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Energy groups delay $380 billion investment in oil projects

Falling oil prices and reduced budgets have forced energy companies to delay 68 projects worth $380 billion since the oil price crash in 2014, a new study on the impact of low oil prices has found.15 Jan 2016

Energy consultancy Wood Mackenzie said that deepwater projects have been hit hardest by the oil price and account for over half of the total deferred projects.

Angus Rodger, principal analyst for upstream research for Wood Mackenzie, said: "The impact of lower oil prices on company plans has been brutal. What began in late-2014 as a haircut to discretionary spend on exploration and pre-development projects has become a full surgical operation to cut out all non-essential operational and capital expenditure. Tumbling prices and reduced budgets have forced companies to review and delay final investment decisions (FID) on planned projects, to re-consider the most cost-effective path to commerciality and free-up the capital just to survive at low prices."

"For all 68 projects there are multiple elements contributing to delay. Price is rarely the only factor slowing down FID - but it has exerted the strongest influence," Rodger said.

Delayed spend from the 68 projects from 2016 to 2020 totals $170bn, Wood Mackenzie said.

Wood Mackenzie now believes that 2.9 million barrels a day of liquid production has been deferred to early next decade, up from its 2 million barrels a day prediction in mid 2015.

Oil accounts for 44% of the total deferred liquid volumes, with 24% of that total being gas.

"One reason we are seeing a growing list of delayed projects is cost deflation – or to be more accurate the need for costs to fall more to stimulate investment," Rodger said.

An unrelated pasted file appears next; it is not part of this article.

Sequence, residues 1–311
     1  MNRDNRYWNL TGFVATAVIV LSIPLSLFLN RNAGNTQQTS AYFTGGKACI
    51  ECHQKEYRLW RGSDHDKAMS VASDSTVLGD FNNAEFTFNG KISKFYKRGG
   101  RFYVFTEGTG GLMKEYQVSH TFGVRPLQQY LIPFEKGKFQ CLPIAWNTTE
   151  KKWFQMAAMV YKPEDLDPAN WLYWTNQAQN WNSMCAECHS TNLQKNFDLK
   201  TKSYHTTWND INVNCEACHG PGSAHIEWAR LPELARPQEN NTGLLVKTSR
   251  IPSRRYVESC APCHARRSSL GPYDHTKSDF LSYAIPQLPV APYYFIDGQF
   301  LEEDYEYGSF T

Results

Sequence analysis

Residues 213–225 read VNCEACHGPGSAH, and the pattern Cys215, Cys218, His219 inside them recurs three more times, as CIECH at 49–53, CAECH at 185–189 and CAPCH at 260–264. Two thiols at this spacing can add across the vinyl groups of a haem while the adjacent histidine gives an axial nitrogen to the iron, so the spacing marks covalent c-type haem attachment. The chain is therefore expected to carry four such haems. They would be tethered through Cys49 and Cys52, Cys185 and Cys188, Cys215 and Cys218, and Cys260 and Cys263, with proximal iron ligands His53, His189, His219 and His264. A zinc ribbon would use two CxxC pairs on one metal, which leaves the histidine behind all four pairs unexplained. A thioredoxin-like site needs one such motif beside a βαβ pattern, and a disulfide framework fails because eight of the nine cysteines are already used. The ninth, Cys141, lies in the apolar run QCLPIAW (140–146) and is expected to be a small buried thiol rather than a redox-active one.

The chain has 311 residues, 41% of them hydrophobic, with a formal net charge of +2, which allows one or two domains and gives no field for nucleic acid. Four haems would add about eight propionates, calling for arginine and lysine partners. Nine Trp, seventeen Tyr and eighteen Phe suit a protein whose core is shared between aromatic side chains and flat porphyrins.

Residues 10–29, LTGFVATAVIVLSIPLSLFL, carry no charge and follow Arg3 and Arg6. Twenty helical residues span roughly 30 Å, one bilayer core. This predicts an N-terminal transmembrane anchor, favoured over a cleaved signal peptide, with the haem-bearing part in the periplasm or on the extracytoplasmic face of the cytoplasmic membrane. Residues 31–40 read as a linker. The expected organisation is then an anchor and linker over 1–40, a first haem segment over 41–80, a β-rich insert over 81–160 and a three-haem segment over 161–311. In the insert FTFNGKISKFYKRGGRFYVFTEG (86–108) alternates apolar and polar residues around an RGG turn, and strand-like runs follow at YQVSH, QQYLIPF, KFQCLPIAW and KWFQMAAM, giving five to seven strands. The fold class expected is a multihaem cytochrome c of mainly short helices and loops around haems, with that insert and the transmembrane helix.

"The biggest jump in pre-FID delayed projects over the last six months was in the deepwater, rising from 17 to 29, where costs have only fallen by around 10% despite the global crash in rig day-rates. Despite the size of these fields, the combination of insufficient cost deflation and significant upfront capital spend has discouraged companies from greenfield investment in the sector," he said.

Companies have brought in stricter investment criteria over the past six months, Tom Ellacott, Wood Mackenzie's vice president of corporate analysis, said.

"We believe that most companies will now be looking for these developments to hit economic hurdle rates at around $60 a barrel," Ellacott said. "Tougher capital allocation criteria will give companies the framework to make difficult decisions about restructuring portfolios, optimising pre-FID projects and capturing the full benefits of cost deflation."

Rodger said that the countries with the largest inventory of delayed oil projects are Canada, Angola, Kazakhstan, Nigeria, Norway and the US, which together "hold nearly 90% of all deferred liquids reserves". He said this includes oil sands, onshore, shallow-water and deepwater assets in both greenfield and incremental developments.

"Those with the largest gas reserves are Mozambique, Australia, Malaysia and Indonesia, which combined hold 85% of the total volume. The majority of this gas is found offshore, primarily in deepwater locations, and requires complex and expensive development solutions," Rodger said.